Vieques Eats and Drinks

My recent nuptial trip marked my second visit to Vieques, Puerto Rico; last year, Mister Groom and I discovered this little gem and really connected with its laid-back vibe and natural beauty. Even though the rest of our wedding guests were new to the island, they had no problem getting acquainted and making their own discoveries for food, drink and frivolity.


Fruit stand in Vieques. (Leslie Silverman)

Below, a decidedly subjective guide to the island, based on my two visits and the experiences of our fellow Vieques sojourners. A few notes: There are two main towns to the island -- Isabel Segunda, which is located on the north (same side as the airport and ferry dock) and Esperanza on the south. Located about 10 minutes from each other by car (and you do need a car while on the island), the two towns are different in look, feel and function.

Esperanza is geared more for tourists, with a main drag of bars, restaurants, guesthouses, kayak rentals and dive shops, while Isabel is a working town, with local businesses, the post office, government buildings, mixed in with restaurants and the occasional souvenir shop.

By no means is this list comprehensive, and if you've previously been to Vieques, please share your faves in the comments area. As with any island, businesses come and go like the wind; while there, I learned that Coconuts, a popular bar/eatery had closed, as had Tropical Baby. Café Mama Songa, a diner-esque breakfast and lunch place has been sold and turned into a lunch and dinner place by Key West conches (by way of New Jersey). And Martineau Bay Resort, the hotel/spa property that's been rumored to close for renovations and turn into a W hotel property, is still open for business as Martineau. A worker there told me that renovations are indefinitely held up, and it's anyone's guess if the chic W will ever make its "Isla Nena" debut.

Try the local hot sauce.

Coqui Fire is its name, and Jim Cochran is the brains behind the hot stuff. Last year, I fell in love with the "papaya lime sauce" and was keen to spread the love in gift bags for our guests. In the course of shopping at the local Supermercado Morales, I discovered five additions to the Coqui line, including a bourbon-flavored "Lighthouse BBQ," a passion fruit-based "Passionate Frog, " "Komodo Dragon," which is listed with a "sweat factor of 10+" on its label and a mango garlic sauce.


The Palms Lounge, at Bravo Beach Hotel. (Leslie Silverman)

A few days before we left the island, Cochran opened a little restaurant, Café Violeta, which is serving up an all-Mexican menu. Mister Groom raved about his huevos rancheros and noted a lot of communal swooning over the breakfast burrito.

Eat breakfast.

There are many places where you can start your day, depending on the size of your appetite. In Esperanza, consider Trade Winds and Belly Buttons, both with views of the Caribbean sea and open-air dining areas. Breakfast is hearty, with eggs and all the trimmings, pancakes, and I believe at Trade Winds, you can find yourself a steak. Mister Groom and his pals got into a morning meal routine that put them in Esperanza on several occasions.

For breakfast on the run, hit the Panaderia La Viequense, a charming little bakery in addition to a line of pastellitos, makes addictive pan agua, the bread used for its latino-flavored sandwiches. My brother Tim was pleased with his egg and cheese combo, but one day, we ordered a slew of cubanos and other savory choices for a lazy afternoon hanging out with a pitcher of some rum concoction. Also available: Puerto Rican-style café served in little cups.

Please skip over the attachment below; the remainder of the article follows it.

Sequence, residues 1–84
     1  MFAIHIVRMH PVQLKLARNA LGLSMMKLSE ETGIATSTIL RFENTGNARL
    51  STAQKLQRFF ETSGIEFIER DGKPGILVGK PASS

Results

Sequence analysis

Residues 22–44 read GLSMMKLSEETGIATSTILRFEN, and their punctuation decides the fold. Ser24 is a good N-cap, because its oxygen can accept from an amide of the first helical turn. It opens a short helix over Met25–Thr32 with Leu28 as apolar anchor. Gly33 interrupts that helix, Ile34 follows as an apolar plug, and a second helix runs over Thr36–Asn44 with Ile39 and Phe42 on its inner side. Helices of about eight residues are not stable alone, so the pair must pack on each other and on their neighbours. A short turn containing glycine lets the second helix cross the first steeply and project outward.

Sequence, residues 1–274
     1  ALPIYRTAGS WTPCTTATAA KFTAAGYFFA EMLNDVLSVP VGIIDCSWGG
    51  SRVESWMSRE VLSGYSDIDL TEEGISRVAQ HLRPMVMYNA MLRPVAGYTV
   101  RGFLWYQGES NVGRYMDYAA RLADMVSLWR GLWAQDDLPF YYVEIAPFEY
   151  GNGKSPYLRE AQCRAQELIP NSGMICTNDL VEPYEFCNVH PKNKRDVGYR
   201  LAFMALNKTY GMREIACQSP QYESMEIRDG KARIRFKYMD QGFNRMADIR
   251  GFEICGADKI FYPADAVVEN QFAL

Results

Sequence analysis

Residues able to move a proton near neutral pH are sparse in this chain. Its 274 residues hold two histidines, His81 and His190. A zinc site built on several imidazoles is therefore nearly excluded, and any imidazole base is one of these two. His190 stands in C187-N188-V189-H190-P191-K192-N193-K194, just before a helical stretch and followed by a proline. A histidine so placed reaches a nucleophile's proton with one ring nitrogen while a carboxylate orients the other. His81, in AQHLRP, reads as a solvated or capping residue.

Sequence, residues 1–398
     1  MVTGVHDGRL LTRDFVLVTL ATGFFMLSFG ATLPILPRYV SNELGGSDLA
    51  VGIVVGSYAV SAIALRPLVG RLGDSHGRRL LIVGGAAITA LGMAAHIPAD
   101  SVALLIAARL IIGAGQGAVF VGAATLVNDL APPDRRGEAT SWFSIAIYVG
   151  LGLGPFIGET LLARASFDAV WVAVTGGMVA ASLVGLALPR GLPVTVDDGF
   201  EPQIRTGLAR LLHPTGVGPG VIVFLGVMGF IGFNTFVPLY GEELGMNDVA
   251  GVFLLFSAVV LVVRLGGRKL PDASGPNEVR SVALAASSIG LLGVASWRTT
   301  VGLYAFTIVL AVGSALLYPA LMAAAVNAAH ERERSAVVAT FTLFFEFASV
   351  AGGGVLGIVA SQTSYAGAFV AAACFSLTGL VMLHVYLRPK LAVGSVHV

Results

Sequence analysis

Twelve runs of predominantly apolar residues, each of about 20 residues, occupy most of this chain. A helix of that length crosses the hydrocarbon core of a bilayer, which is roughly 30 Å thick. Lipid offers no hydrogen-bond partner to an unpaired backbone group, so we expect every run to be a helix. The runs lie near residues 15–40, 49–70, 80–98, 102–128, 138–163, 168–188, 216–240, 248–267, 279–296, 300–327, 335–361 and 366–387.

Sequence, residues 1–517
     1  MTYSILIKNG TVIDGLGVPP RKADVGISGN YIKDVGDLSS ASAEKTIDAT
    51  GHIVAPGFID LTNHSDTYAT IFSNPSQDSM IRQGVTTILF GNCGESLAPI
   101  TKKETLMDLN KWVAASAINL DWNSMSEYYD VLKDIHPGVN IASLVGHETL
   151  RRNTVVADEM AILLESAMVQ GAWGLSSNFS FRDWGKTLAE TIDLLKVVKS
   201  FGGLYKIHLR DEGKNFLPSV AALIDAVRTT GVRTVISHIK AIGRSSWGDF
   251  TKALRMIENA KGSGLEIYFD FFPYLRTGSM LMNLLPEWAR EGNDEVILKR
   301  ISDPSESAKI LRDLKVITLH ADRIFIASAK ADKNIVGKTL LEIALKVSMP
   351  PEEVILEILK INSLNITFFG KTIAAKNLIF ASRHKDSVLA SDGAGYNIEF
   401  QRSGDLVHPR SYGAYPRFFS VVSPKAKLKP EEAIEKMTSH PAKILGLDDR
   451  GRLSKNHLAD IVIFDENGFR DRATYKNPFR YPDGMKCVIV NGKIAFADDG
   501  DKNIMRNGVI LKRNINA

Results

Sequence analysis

If coffee is your idea of breakfast, consider Roy's Coffee Lounge, the noticeably pink house in Isabel. On the inside, you'll find a bustling coffee bar as well as a garden/courtyard with a handful of tables. This is probably the only place on the island where you'll find a bagel; for lunch there's a limited menu of sandwiches and empanadas worth trying. There's also free Wi-Fi if you can't bear unplugging from reality.

For Sunday brunch, you must try bbh, the restaurant at Bravo Beach Hotel. It's a prix-fixe deal, with a tropical bellini, fresh fruit and yummy coffee cake, followed by a choice of five or six entrees. It was a great sendoff for four friends headed to the airport.


By request: Mr. and Mrs Pez, courtesy of my mother; cake made by Lauren Lebhar of bbh. (Leslie Silverman)

Monday night, do the Chez Shack.
No, that's not a James Brown dance move, but a treehouse in the middle of the woods called Duffy's Chez Shack.
Monday is Grill Night at this funky joint, with a chalkboard menu of ribs, chicken, pork and maybe fish, served up with beans and rice and a so-so salad bar. The charm is just being there in the middle of nowhere, listening to the steel band and thinking, damn, this is fun.

Eat your fruits and vegetables.
The fruit stand at the intersection of routes 200 and 997 (Everyone knows where it is) is really the best place to get fresh produce. In addition to a covered stand, there is a refrigerated truck for walk-thru browsing. I am drawn to the local avocados and pineapples, which are some of the best I've ever had, and on this last trip, I had an outrageous mango, but didn't ask where it came from. You'll also find bananas, plantains, yucca, cassava, sweet potatoes, mango, coconuts and home-spun chile vinegar sold in bottles.

If you're vegetarian...head to Bili, the restaurant owned by Eva Bolivar, who also catered our wedding. Located on the strip in Esperanza, Bili is one of the few places on the island offering veggie-friendly fare; Celebritologist Liz Kelly, who loved Eva's yucca salad with bay leaves, ate there a handful of times during her one-week stay. The seafood options are splendid as well; one night, Eva was whipping up sea scallops with a passion fruit beurre blanc, and on a second visit, I devoured a whole crispy local snapper. Local spiny lobster was on tap as well. Good stuff.